Chia seeds add nutritional bang for your buck

They may not be the most obvious addition to a bowl of oatmeal, but chia seeds should not be overlooked. And we're willing to bet you won't regret adding them into the mix. These little seeds are not only packed with fiber and protein — they can provide an extraordinary amount of manganese, calcium, phosphorous, and omega-3 fats per 1-ounce serving (via Healthline).

Aside from their impressiveness on the nutrient front, chia seeds can also be used in oatmeal to totally mix up your breakfast game. Instead of groggily toiling over a stove first thing in the morning only to end up with watery porridge, preparing a batch of overnight oats with chia seeds can provide a thick and glorious breakfast bowl with minimal effort. As Rick Martinez, associate food editor for Bon Appétit pointed out, chia seeds can serve to naturally thicken oatmeal if it's added ahead of time, allowing the seeds to soak and plump up. Give them a go — they might just change how you see oatmeal for good.

Eggs and avocado make your oatmeal a savory delight

Who said that oatmeal had to be sweet? If you're accustomed to having eggs and avocado on toast, subbing out your bread for a healthy grain like oats could put a twist on your breakfast while still keeping you energized.

Adding eggs and avocados could also boost oatmeal's health-supporting properties. As registered dietitian Julia Zumpano told the Cleveland Clinic, "Avocados are a great addition to a healthy diet." They're high in vitamins C, E, and B-6, as well as being an excellent source of monounsaturated fats, which are helpful for reducing the levels of LDL cholesterol, or "bad" cholesterol, and maintaining cellular health. Eggs, on the other hand, can boost the protein of your oatmeal, as well as similarly providing various minerals and nutrients like selenium and phosphorous, and a source of HDL, or "good" cholesterol (via WebMD).

If you're daunted by the idea of savory oatmeal, start with this recipe from Real Simple. It takes a portion of easily prepared oatmeal and tops it with a fried egg, avocado, and some salsa.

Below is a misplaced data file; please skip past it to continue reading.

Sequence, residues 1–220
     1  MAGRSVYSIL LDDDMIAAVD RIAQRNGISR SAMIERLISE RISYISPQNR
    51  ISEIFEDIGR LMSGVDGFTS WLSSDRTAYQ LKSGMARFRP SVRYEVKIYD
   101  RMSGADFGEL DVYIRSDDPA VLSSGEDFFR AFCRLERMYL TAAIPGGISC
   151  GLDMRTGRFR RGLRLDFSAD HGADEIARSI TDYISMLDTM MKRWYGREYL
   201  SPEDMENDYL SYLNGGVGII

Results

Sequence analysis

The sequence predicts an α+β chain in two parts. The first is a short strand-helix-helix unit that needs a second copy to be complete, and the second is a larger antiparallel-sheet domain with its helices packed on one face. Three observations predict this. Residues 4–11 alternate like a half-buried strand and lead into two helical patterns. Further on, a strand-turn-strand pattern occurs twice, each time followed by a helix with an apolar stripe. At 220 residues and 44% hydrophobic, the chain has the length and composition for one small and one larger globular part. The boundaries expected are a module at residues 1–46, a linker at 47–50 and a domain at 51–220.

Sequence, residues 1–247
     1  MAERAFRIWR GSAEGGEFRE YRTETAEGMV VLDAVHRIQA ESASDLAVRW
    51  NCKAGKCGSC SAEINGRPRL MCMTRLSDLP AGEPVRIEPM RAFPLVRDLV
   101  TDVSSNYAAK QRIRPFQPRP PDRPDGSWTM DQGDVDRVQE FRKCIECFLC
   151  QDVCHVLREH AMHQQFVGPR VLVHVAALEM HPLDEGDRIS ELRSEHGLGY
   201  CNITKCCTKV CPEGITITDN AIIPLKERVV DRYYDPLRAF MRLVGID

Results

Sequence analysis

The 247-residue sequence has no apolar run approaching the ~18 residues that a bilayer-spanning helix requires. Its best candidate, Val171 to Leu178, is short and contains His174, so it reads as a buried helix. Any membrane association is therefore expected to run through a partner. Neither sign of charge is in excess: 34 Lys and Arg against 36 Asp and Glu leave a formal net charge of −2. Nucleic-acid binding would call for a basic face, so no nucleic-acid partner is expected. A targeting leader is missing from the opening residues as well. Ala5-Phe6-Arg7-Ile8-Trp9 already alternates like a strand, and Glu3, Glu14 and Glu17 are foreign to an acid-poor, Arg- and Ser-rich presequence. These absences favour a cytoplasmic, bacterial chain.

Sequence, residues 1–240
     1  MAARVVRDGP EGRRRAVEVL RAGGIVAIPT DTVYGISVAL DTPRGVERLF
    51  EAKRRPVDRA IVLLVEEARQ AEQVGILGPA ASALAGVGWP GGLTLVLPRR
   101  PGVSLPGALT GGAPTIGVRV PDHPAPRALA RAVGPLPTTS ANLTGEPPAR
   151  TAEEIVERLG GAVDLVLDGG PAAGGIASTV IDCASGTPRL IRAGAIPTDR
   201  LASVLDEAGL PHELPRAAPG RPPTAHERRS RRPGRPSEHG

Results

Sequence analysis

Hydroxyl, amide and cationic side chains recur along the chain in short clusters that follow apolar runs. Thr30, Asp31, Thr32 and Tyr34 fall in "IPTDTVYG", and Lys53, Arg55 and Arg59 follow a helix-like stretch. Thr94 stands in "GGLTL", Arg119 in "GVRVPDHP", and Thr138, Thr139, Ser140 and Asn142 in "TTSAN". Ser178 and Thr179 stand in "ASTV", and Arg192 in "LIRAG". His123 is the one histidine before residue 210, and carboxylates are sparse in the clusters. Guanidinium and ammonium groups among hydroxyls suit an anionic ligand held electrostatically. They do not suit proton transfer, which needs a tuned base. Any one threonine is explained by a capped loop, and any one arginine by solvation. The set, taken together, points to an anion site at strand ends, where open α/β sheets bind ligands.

Walnuts are an excellent addition

While most nuts will provide a nutritional boost to oatmeal, it's walnuts that really do it for us. Walnuts are not only a great source of antioxidants — with a higher antioxidant content than any other familiar nut — but they also provide a great source of fiber, omega-3 fats, and vitamins and minerals that can help to support your health (per Healthline). These components have been shown to contribute to a range of positive health benefits with regular walnut intake.

A 2020 review of scientific studies published in Nutrients shows the notable and numerous areas that walnuts could help with supporting health, with the review's authors writing that "substantial evidence from animal and human studies suggests that dietary consumption of walnuts (1–2 oz per day) can improve cognitive function and also reduce the risk of other diseases, such as cardiovascular disease, depression, and type 2 diabetes, which are risk factors for the development of dementia." With benefits like that, a daily handful of walnuts in your oatmeal is a no-brainer.

Dark chocolate could make your oatmeal decadent but nutritious

This is one you might love us for. Although high-sugar milk chocolate is probably not the healthiest choice to stir into oatmeal, dark chocolate could provide some fairly notable nutrition, primarily due to its antioxidant content.

According to registered dietitian Toby Amidor, cookbook author and nutrition expert for the Food Network, the antioxidants in dark chocolate are due to the cacao that makes up the food. As she explained to Everyday Health, "Cacao is packed with numerous antioxidants — actually more than green tea or red wine. The darker you go, the more antioxidants you'll get." Amidor, however, did point towards the fact that while dark chocolate can be antioxidant-rich, adding it with prudence is important, saying that "there needs to be a balance between eating palatable dark chocolate and getting the health benefits."